But don’t let it’s gruesome history cloud your vision of Nom Wah. The retro diner interior may make you feel as if you are turning back time as you slide into the red rubber booths and pick up a paper menu, but the food definitely satisfies modern palates. My favorite fare includes the incredibly delicious and filling pork buns, which at $1.50 are the biggest steal in NYC, the scallion pancake, pan fried dumplings, and Chinese broccoli with oyster sauce. To note, if you are an adventurous eater, try the chicken feet. But be aware, they are not for the faint of heart. Last time at Nom Wah my boyfriend and I placed an order and as someone who prides herself on having eaten like a local and consumed odd dishes to the tune of bulls balls, grasshopper tacos, and goat heart, I thought the chicken feet would be no problem. But, to my dismay, even when cooked, chicken feet really do look and feel like chicken feet and there really is not that much meat on the bone.
27 Eldridge St., New York, NY 10002
While the decor of Sheng Wang may leave much to be desired, the noodles do not. I recently took a trip off the beaten track to this hand-pulled-noodle spot with a friend who has lived in China many times. He suggested the Fujian style noodles, after hearing friends rave on and on about its authentic cred. The two types of wheat noodles served — lamian strand spaghetti style and dao xiao mian peel noodles — hold up alongside the flavorful broth and my friend gave them two thumbs up for the authentic preparation. While you are slurping up noodles and peeling your elbows off the vinyl tables, take a look to the back of the shop and watch the chefs make fish balls and pull the epically long strands of noodles on site.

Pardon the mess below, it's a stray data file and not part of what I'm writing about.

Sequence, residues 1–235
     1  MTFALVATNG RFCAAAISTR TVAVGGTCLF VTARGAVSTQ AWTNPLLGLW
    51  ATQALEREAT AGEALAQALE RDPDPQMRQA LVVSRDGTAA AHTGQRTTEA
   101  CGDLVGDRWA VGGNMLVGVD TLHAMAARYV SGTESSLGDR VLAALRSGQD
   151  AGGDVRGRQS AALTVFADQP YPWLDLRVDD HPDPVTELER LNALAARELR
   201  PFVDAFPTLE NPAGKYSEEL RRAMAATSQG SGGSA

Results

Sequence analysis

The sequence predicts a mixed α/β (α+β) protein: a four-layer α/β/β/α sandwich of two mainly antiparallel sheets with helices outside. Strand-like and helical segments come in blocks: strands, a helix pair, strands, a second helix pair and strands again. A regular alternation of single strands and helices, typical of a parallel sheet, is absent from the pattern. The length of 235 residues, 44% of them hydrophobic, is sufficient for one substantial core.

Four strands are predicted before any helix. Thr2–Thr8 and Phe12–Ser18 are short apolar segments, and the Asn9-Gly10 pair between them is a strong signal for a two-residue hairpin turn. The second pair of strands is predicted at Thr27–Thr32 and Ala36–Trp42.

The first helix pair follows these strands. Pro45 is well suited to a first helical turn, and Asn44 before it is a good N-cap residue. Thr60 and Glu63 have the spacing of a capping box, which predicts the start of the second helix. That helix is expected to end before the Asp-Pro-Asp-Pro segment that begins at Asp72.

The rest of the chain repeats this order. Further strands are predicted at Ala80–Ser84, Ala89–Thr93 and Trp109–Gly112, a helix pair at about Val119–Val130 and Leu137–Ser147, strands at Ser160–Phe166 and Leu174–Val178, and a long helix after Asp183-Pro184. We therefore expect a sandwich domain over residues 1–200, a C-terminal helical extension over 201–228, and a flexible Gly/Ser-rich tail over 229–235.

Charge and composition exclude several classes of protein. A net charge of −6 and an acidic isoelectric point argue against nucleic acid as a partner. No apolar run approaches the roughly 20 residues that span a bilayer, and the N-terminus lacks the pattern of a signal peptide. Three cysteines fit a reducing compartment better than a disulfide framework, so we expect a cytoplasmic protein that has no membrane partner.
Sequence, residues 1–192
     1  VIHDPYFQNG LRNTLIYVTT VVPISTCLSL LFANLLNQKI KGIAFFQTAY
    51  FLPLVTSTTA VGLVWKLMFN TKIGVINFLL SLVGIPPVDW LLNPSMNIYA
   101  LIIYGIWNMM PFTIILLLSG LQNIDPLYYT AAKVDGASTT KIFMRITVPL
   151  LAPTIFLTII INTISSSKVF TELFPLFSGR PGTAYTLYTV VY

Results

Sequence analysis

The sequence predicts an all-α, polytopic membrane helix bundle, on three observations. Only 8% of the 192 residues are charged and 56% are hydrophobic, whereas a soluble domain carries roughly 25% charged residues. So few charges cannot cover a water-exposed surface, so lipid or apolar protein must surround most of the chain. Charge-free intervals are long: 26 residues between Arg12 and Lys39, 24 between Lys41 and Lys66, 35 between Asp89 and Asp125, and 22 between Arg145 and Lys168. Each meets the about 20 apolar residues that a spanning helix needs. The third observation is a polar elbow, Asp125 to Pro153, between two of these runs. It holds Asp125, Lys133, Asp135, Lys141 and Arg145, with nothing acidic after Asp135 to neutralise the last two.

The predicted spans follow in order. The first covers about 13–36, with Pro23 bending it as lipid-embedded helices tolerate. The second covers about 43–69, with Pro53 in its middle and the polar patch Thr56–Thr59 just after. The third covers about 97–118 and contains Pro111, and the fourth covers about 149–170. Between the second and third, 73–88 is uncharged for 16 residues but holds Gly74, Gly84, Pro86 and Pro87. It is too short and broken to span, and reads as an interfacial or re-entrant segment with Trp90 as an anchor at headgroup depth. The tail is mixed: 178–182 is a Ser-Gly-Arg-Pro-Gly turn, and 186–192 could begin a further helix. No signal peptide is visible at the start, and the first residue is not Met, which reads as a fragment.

202 Centre St. NY, NY 10013
Red Egg fills a much needed role in the world of Chinatown cuisine – a tasty restaurant that comes with a sophisticated decor and clean tablecloths. Sometimes you find yourself craving delicious Chinese food, but you are in the company of friends or family who may not be quite as gung-ho about “authentic” culinary experiences that often include basement restaurants with plastic tablecloths. Instead you want a well shaken cocktail and a relaxing ambiance with your vegetable wonton. Red Egg is the perfect place. Red Egg employs a classic Chinese menu and ups the ante. It embraces the dim sum style, while still offering up mouthwatering plates of Peking Duck, General Tso’s chicken and filet mignon.
Vanessa’s Dumpling House
Vanessa’s Dumpling House
18A Eldridge St, New York, NY
If you are looking for a sweet dumpling fix, but don’t have a lot of change in your pocket, head over to Vanessa’s Dumpling. This well-known Beijing-style dumpling house offers four chicken and pork dumplings for only $1.00! And even with such a low price tag, they hold up to their “pot-stick” name with just the right amount of soft, chewy, and slightly crunchy textures. I must say, I cannot vouch for much else on the list, as I have never known anyone to visit Vanessa’s and purchase anything other than dumplings. I know it has happened, as they have a much larger menu with many other options that differ from dumplings. But really, who would be crazy enough to not just scarf down a couple of orders of dumplings and feast like a king for less than the price of a subway ride?